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  • Caroline Nijs

Phone camera horse photography

You don't care about making professional-looking photos of your horse. Why would you? Your dedicated horse photographer does that for you.


But you spam your insta feed with photos of your horse and let's be honest, they don't always look that great. It's either too dark in the barn aisle or too bright outside. Or, there's a tree sprouting from your horse's ears. In any case, you decide it's time to spruce up your instagram and you really want to post photos that don't look like a toddler stole your phone.


Most of us just snap what we like seeing with our eyes. And if that was all it took, most of us would take good photos. But that's not how it works. Because our camera sees things differently. I'll admit, phone cameras get better and better, a far cry from that flip phone camera. But it's still not the same as a professional camera. So there are a few things you should take into consideration.


The first one is lighting.


In this case, natural light is still the best. But that doesn't mean you should take all your photos in bright sunlight. Because in bright sunlight, your phone camera won't know what to do with all those highlighted spots and dark shadows. As a result, your image will have these ugly white spots and very contrasty shadows. You might be able to save the photo by turning it black and white but even then you might end up with a less than stellar photo. One that won't make the cut for your revamped insta account.


Best times to take nice photos are around sunrise and sunset. But if you happen to be at the barn around noon, search for some light, even shade.


Of course, snapshots are just that: shots snapped in the moment. No time to look for the perfect light because your horse will never again look as cute as at that exact second. In that case, just keep in mind to keep the sun (or any light source) behind you.


Don't use a flash unless you are absolutely sure your horse will not bolt. My Udo could not handle flash. My Sophie had no problems with it. But keep in mind, they are still horses and can change their mind at any time and at lightning speed.


The second one is composition.


The most important thing really is: don't cut off the feet or any other extremities.

Oh, and keep the horizon level. Most phone cameras have a grid that can help with that.


There are also certain "rules" you can keep in mind that will make your photo pleasing to the eye. There's the rule of thirds: put your subject on one of the intersections of the camera grid. Or you can go for symmetry by centering your subject. Also nice is going in close and filling the frame.


Always keep an eye on your background too. If it's too distracting, you might consider taking the photo from another angle (but keep that light in mind as well!). Or you could use portrait mode to blur the background.


Cropping is fine but since you lose precious data by doing that (and thus decreasing the quality of your photo), it is best to consider composition beforehand.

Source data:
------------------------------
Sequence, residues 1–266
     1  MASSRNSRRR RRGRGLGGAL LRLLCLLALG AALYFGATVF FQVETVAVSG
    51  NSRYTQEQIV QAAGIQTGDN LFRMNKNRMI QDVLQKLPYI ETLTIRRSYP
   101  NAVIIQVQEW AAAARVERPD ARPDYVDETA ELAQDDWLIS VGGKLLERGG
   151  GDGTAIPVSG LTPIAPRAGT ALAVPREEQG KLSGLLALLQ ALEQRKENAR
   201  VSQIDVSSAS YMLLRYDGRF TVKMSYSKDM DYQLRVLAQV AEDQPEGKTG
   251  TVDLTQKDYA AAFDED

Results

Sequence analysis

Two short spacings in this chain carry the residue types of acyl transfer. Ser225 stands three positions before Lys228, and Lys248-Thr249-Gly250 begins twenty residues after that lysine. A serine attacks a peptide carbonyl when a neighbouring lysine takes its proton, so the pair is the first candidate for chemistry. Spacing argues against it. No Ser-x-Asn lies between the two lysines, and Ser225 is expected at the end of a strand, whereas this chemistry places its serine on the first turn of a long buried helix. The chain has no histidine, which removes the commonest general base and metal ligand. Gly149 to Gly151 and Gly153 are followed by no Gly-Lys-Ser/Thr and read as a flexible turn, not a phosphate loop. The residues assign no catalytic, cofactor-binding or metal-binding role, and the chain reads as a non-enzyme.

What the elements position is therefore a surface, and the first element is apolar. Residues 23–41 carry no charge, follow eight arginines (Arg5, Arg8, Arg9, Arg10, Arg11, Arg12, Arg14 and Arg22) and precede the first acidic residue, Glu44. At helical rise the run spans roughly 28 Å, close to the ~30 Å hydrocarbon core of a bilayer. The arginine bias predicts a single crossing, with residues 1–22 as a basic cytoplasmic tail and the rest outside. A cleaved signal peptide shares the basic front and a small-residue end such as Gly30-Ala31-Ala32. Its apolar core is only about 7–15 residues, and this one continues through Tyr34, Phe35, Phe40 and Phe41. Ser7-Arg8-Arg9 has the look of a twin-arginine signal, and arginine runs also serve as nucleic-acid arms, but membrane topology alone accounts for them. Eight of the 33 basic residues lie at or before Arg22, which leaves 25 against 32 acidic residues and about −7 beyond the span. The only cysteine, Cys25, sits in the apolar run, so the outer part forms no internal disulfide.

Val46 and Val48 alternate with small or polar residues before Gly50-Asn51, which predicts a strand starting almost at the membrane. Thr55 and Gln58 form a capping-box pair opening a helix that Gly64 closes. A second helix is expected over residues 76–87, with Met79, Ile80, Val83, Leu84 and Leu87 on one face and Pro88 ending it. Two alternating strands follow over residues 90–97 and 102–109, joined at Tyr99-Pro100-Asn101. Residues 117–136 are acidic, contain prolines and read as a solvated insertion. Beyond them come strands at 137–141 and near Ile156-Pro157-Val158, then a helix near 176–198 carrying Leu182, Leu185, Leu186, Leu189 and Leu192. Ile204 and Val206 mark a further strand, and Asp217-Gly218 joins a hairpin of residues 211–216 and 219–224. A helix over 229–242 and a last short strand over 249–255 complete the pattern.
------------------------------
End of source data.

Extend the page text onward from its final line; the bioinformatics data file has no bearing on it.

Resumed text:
The third one is creativity.


When you feel confident that you got all the above covered, it's time to get creative. Change the angle to something less conventional: shoot up or down. Or blur the foreground instead of the background. You can also shoot through something (think leaves or flowers). Endless possibilities!


Yay!


Your insta feed will soon start to show off that you know what you're doing!


Practice


First, let's take the photos below and practice what we learned.


Our Great Dane used to follow me around on the farm and there was Sophie, trying to decide whether he was a strange sort of pony or a dog.

I took this photo in bright sunlight because, you know, it was happening right then and there. In my defense, I did not take this photo to post it somewhere, I just texted it to my husband. Anyway, enough with the excuses.

The contrast between sun and shadow is awful, beyond saving: Sophie's face is almost completely black. The white of our house and the pool is way too bright. The background is distracting and you almost miss what is going on in the foreground. Or should I say, the middle, because the foreground is just a big, boring nothing. I would need to crop this photo by at least 50%. Which will decrease the quality drastically and basically ruin this photo even more.


What I should have done:

  1. get in way closer

  2. change my angle so that I would have the woods on the right as a background. I could achieve that by standing on the left of our dog.

  3. change the exposure, on my iPhone, I can do that by tapping on the screen where I want to focus, and then slide up or down next to the sun symbol.

  4. not necessary but fun, would have been to stay close to ground and shoot slightly up.

Pferde auf der Weide und Deutsche Dogge daneben pferdefotografie

Next, let's analyze this photo of Udo. It's also straight out of camera, I did not edit a thing. It is taken with my DSLR but this is easily achievable with a phone camera as well.

  1. even though there is a lot of sunlight, I placed Udo in the shade. This eliminates contrasty shadows.

  2. it was taken right before sunset, giving the light that typical golden color.

  3. composition is good, I might crop a little from above but not much, thus keeping the quality of the image high.

belgisches Zugpferd im hohen Gras pferdefotografie

That's it, folks!

Make sure to tag me (@caroline.nijs.photography) when you post your images taken with these tips on instagram!










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